A Practical Guide to Understanding HIE, Assessing Your Readiness and Selecting HIE Options in Minnesota

Assess: Landscape

In today’s complex health care environment, secure information exchange impacts all areas of your practice – from patient care to practice operations to reimbursement and more. When considering HIE you should first understand the types of information exchange that are of most value to you and who you would need to exchange information with to realize that value. This is your HIE landscape.

On this page:
Types of Information Exchange
Information Exchange and Your Practice

Types of Information Exchange

Information exchange in Minnesota can generally be considered to be of two types: push and pull. Both types may involve more complex processes that occur behind the scenes of your EHR system, but the terms push and pull cover the main concepts. One key difference is who is initiating the exchange of information: for a push transaction the sender initiates the exchange of information, and for a pull the recipient initiates the exchange of information. You, as the provider, could be both the sender and the receiver, even in the same transaction. The definitions and scenarios below will help illustrate these concepts: 

Push: This is a secure sending of information between two known entities with an established business relationship, such as a primary care provider and a specialist. These types of transactions typically relate to routine workflow and processes. A non-health care example of a push transaction would be sending an email.

Pull: This is a secure accessing of information that involves a query and a response. The query is the request for information about a patient, and the response is the retrieval of clinical information on the patient or information on where the clinical data can be found. For example, conducting a Google web search is a non-health care example of a pull transaction.

HIE push transactions
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Information Exchange and Your Practice

As you think about how HIE can benefit your practice, it may be helpful to first document the ways information moves into and out of your practice, whether manually (e.g., phone calls, letters, fax) or electronically (e.g., billing, e-prescribing). HIE opens up new possibilities so think about what you want to share, with whom, and what that information flow into and out of your practice might look like.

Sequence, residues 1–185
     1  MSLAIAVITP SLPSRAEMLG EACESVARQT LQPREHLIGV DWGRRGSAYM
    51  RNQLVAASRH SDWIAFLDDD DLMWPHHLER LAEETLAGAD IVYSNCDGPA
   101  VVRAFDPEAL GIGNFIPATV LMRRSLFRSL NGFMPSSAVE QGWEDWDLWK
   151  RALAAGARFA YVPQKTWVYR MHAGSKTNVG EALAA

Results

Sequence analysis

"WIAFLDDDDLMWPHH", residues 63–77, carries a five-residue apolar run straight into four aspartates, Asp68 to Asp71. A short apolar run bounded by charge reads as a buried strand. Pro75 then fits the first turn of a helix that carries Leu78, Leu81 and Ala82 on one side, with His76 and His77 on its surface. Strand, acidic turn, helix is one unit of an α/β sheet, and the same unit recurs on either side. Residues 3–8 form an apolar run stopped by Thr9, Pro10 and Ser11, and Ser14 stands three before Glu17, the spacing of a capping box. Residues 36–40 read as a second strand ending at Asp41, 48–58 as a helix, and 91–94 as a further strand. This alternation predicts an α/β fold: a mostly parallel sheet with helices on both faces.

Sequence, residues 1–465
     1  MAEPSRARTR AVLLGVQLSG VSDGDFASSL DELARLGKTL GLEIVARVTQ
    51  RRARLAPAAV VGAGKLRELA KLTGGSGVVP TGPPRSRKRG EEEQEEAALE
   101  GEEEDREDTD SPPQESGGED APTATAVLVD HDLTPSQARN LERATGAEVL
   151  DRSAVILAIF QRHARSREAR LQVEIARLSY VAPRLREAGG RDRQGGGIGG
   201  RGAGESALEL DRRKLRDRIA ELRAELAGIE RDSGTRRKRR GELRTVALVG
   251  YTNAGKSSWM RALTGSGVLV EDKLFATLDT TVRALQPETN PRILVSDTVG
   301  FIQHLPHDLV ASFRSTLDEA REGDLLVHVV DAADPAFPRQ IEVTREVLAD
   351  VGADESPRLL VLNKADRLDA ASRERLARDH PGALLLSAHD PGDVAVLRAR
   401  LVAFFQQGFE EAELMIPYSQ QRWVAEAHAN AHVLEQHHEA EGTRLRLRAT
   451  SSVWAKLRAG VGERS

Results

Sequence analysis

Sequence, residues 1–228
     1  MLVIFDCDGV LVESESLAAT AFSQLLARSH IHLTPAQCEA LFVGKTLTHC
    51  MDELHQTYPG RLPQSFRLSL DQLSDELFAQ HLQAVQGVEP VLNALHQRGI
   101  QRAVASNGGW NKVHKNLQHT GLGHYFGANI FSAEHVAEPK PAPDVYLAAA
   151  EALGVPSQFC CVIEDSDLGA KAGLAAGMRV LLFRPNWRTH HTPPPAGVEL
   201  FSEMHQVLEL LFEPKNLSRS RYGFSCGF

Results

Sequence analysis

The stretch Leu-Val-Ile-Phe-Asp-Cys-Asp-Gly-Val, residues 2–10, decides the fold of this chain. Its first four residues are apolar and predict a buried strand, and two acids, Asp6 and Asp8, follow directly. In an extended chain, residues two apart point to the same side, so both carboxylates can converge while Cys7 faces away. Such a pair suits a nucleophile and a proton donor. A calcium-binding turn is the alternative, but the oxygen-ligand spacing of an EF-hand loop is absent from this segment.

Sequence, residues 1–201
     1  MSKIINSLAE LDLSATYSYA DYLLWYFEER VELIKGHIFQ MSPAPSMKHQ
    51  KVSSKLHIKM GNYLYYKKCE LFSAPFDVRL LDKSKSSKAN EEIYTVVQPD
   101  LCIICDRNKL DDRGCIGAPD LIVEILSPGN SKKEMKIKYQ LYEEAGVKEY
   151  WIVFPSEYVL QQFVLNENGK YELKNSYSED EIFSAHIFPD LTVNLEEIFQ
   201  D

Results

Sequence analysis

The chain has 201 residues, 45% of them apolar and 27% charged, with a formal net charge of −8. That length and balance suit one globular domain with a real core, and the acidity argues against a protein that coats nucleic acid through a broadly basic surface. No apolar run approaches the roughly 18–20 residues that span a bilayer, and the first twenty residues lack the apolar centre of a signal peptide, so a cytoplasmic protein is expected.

While meaningful use requirements may be the focus of your HIE planning, other types of exchange may also be very important to you.  The following scenarios may help you understand the value of HIE for your practice or organization. You can find additional exchange options in the Information Exchange Priorities table.

Scenario 1

Provider Sends/Pushes Immunization Record to the State Immunization Registry
A child arrives for a routine appointment and the provider’s office staff uses their EHR to determine that immunizations are due. After the vaccines are administered, the information is recorded in the EHR system, which automatically sends an update to MIIC (Minnesota Immunization Information Connection), Minnesota’s immunization registry. (This is a Stage 1 and Stage 2 meaningful use example.)

Scenario 2 Laboratory Sends/Pushes Lab Results to Ordering Provider
The contracted laboratory’s LIS (laboratory information system) creates preliminary, final, and amended laboratory test results relating to a specific clinical test order. The LIS sends each incremental lab test result to the ordering physician, which can be incorporated into that provider’s EHR and flagged for review.
Scenario 3

Long-Term Care Facility Queries/Pulls for a Medication History
A new patient arrives at a long-term care facility with only partial records and an incomplete medication history. Nursing staff at the facility obtain appropriate patient consent and submit a query through an intermediary such as a health information exchange service provider they have a contract with, which has a patient record locator service. The HIE service provider locates the patient’s records, aggregates the results, and makes the results available to the long-term care facility. Results can be incorporated into the EHR either manually or automatically depending on the type of EHR used and workflow processes.  

Scenario 4

Provider Queries/Pulls for Information for a New Patient
Dr. Miller has a new dental patient, Ms. Jones. As part of the workflow for that patient, Dr. Miller needs more information about Ms. Jones’ cardiac condition before scheduling dental implants. A secure message is sent to Ms. Jones’s cardiology clinic requesting a summary of patient’s current conditions and medications. The cardiology clinic provides (pushes) the information back to the dental clinic. (Note: this query is actually accomplished through two push transactions.)     

Scenario 5

Provider Queries/Pulls the State Immunization Registry (compare to scenario 1 above)
A child arrives for a routine appointment and the provider’s office staff uses their EHR to automatically query the statewide immunization registry (the Minnesota Immunization Information Connection or MIIC). MIIC returns both a consolidated immunization history for the child and recommendations indicating that the child is due for a number of immunizations. After the vaccines are administered, the information is recorded in the EHR system, which automatically sends an update to MIIC on the vaccines that were administered.

While these information exchange transactions may sound simple, developing the EHR system capabilities to support them is complex. Rather than trying to build capabilities for every potential health information transaction, we recommend prioritizing those that will bring the most value to your practice or organization. 

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Updated Friday, April 08, 2016 at 11:28AM